Travelling with E.M.Forster

The following article first appeared in The Independent newspaper in March 2016.

On my first visit to Italy I was 13. It was on a Schools Abroad trip, on which we spent a night in the port of Brindisi, where I and my fellow schoolmates were sexually harassed by scary sailors, made sick by the stink of diesel and where nothing could have been further from the Italy of Lucy Honeychurch and George Emerson. The next time I went to Italy I was about to go to university – I was in love with life, in love with travelling, in love with love and more than ready to fall in love with the Italy I knew from the works of E M Forster. It is a love affair that has never ended.

The British Institute in Florence, Italy, displaying copies of my book Moustaches, Whiskers & Beards - Facial Hair in Art.
The British Institute in Florence, Italy, displaying copies of my book Moustaches, Whiskers & Beards – Facial Hair in Art.

I first read A Room with a Viewat the age of 14 – and have continued to do so, on a regular basis, ever since. I turn to it whenever I need comfort reading; it’s the literary equivalent of hot buttery mashed potato on a miserably cold day. Despite having read it so many times, I seem to discover something new each time I read it.

Lights on the River Arno, in Florence, Italy, at night.
Lights on the River Arno, in Florence, Italy, at night.

The first time I visited Florence, I felt I knew it already. Seeing the Arno and knowing this was the same river on which Lucy, Charlotte and the Emersons also gazed, gave me a thrill of connection to a past age. In 2015 I gave a talk on my biography of Princess Louise at the British Institute in Florence. Stepping into the building, on the banks of the Arno, was to enter a world where nothing seemed to have changed since Princess Louise’s time (incidentally, a woman whom Forster knew). I felt as though I’d stepped into the Florence the Rev Eager would recognise, and was sure I could discern some of his “flock” in the audience.

There are so many books one should never re-read: books that spoke soulfully to your younger self seldom work when read again (most notably, for me, Paolo Coelho’s By the River Piedra I Sat Down and Wept).A Room With A View, however, has entertained me at all stages of my life so far. Wherever I’ve travelled, I’ve encountered Forster’s characters. In Jordan, I could discern Mr Beebe and Mr Emerson visiting the temples of Petra. Last year I was in Norway when I saw a family sit down for a picnic – and they actually possessed “mackintosh squares”. I have visited churches, temples and mosques all over the world and have lost count of the times I have been informed “this was built by faith”, to which I always intone in my mind Mr Emerson’s words: “Built by faith indeed! That simply means the workmen weren’t paid properly.” So far, I have managed to prevent myself from saying it out loud. I hope E M Forster would smirk a wry smile at that.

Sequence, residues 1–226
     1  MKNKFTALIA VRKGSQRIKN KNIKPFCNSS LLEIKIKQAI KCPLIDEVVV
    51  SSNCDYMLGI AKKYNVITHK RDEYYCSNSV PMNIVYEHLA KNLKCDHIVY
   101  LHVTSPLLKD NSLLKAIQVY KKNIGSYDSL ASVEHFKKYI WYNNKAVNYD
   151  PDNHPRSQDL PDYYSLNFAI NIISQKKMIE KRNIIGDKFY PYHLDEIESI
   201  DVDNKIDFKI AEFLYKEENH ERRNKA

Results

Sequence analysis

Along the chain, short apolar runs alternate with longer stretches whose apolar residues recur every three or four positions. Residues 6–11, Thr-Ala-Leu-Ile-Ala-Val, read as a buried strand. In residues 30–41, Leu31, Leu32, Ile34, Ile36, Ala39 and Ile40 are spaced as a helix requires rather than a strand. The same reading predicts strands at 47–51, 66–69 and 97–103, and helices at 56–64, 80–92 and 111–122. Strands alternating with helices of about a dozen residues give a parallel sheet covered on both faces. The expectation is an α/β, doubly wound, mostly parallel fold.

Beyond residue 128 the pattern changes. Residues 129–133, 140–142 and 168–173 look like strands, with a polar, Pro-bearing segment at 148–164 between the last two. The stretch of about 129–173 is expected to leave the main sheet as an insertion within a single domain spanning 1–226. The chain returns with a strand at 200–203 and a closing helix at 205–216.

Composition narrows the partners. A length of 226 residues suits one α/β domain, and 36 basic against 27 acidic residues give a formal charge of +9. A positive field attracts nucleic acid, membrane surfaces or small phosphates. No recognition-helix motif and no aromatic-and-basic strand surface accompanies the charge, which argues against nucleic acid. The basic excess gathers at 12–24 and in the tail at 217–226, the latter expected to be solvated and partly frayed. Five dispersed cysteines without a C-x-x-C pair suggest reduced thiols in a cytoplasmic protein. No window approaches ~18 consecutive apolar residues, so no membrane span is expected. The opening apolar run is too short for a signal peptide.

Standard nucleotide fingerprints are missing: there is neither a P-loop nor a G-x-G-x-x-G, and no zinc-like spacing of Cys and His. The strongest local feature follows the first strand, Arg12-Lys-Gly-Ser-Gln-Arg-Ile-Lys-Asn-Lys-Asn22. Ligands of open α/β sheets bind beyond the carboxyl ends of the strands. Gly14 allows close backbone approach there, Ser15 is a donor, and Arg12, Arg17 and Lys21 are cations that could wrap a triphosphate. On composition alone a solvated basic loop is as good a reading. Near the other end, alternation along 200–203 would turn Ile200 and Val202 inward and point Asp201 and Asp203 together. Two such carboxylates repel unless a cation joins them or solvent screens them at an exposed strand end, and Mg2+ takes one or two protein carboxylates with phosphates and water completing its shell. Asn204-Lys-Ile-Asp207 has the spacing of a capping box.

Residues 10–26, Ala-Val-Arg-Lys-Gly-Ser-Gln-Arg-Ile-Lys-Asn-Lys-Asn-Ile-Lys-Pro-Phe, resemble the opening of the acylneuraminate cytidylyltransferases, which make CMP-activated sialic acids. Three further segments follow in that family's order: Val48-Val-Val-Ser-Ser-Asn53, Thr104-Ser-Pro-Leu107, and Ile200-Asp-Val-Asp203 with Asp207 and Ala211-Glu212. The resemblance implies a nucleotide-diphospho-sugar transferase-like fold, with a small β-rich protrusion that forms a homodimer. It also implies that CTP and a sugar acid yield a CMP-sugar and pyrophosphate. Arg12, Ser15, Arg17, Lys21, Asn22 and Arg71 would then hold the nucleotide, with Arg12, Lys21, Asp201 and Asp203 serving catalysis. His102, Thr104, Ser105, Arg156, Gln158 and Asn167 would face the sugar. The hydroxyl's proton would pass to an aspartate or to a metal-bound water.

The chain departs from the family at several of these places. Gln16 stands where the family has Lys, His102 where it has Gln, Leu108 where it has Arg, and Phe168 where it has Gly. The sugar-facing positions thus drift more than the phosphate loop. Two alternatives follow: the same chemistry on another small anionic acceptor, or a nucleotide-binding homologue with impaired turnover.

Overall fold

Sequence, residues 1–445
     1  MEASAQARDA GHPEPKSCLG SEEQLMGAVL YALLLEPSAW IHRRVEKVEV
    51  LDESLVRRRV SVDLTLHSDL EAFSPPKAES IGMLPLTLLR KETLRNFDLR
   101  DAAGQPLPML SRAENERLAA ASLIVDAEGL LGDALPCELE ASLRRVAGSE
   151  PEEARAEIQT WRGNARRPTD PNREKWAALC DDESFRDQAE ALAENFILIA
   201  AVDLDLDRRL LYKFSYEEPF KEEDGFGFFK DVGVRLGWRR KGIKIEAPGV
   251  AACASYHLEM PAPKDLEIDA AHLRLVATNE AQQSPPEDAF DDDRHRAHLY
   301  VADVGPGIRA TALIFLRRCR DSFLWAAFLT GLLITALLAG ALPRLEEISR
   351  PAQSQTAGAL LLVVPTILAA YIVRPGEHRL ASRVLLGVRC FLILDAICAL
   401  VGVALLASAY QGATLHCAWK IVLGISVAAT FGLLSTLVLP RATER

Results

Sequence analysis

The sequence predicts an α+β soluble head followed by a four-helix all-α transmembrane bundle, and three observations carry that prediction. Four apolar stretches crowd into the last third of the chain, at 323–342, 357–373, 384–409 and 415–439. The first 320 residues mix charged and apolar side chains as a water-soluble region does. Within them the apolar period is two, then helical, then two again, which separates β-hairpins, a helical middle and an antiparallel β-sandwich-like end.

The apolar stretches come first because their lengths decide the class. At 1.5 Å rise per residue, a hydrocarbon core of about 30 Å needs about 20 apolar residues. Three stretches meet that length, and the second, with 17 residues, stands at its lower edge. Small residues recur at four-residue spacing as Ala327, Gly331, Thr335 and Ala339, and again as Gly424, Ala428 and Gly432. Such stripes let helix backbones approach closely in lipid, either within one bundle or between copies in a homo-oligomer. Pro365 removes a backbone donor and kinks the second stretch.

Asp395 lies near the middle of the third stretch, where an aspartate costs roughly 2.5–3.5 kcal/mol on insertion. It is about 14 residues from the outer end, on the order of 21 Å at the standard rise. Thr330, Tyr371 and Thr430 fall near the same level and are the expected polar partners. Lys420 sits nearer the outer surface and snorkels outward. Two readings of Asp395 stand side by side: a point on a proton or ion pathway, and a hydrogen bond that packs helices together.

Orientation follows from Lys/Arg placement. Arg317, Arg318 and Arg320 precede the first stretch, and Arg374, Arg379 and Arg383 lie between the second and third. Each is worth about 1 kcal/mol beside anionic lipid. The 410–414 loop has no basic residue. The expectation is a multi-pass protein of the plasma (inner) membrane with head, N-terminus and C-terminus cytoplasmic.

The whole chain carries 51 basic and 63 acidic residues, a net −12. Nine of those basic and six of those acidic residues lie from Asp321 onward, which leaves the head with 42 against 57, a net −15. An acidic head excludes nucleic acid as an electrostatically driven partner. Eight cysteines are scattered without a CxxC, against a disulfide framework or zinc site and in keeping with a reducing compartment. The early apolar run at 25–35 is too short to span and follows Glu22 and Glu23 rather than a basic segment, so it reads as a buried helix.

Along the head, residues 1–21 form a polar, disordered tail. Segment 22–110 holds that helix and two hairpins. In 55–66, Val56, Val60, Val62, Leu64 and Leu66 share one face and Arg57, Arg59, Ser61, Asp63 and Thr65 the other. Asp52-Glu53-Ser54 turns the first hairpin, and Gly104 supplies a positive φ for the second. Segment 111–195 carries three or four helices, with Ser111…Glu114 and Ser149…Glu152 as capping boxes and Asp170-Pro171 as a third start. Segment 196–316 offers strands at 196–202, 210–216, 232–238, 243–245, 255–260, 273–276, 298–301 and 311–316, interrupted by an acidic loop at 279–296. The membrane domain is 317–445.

3 February 2021 horizontal rule

Dickens & Zoom

Can you spot my big blue Charles Dickens book getting pride of place in this BBC video? I’m very proud! The updated version is available from the online giftshop at The Charles Dickens Museum and all good bookshops. https://www.bbc.co.uk/news/av/entertainment-arts-55861947

Book jacket for 'Charles Dickens' by Lucinda Dickens Hawksley
1 February 2021 horizontal rule

1 December: Dickens’s Lost Portrait

This portrait of Charles Dickens was painted at the exact time he was writing A Christmas Carol, in 1843 – and then lost for almost 175 years. Join me to discover what was happening in Dickens’s life while he was working on his most famous Christmas book. I’ll also tell you about the talented female artist who painted his portrait and how she helped to inspire his writing. Fnd out the remarkable story behind the “lost portrait”, how it was re-discovered and how it can help us understand the story of Ebenezer Scrooge, Bob Cratchit and Tiny Tim.

The talk is taking place at 6pm UK time, and is joinable from all over the world. Tickets are on sale via Eventbrite, but the event will be on Zoom.

https://www.eventbrite.co.uk/e/begin-your-festive-season-with-dickenss-great-great-great-granddaughter-tickets-129469267063

The Lost Portrait: portrait of Charles Dickens, painted by Margaret Gillies in 1843, exhibited in 1844, then ‘lost’ for amost 175 years.
17 November 2020 horizontal rule

Dickens for 2020

Yesterday I popped in Carlton Books to fetch my very first author copy of my fully updated book about Charles Dickens. I think it is beautiful! Well done to all the team at Carlton, who have created a really lovely book.

Some of you may remember that this first came out in 2012, for the Dickens Bicentenary. This new version (priced £20 and coming out in September) is being published to commemorate the next Dickens anniversary: 2020 marks 150 years since his death. I’m already taking bookings for events, so please get in touch with me or my agent(s) to find out more.

The book jacket for my new book Charles Dickens: The Man, The Novels, The Victorian Age.
26 June 2019 horizontal rule

© Lucinda Hawksley 2021. Last updated 19 February 2021.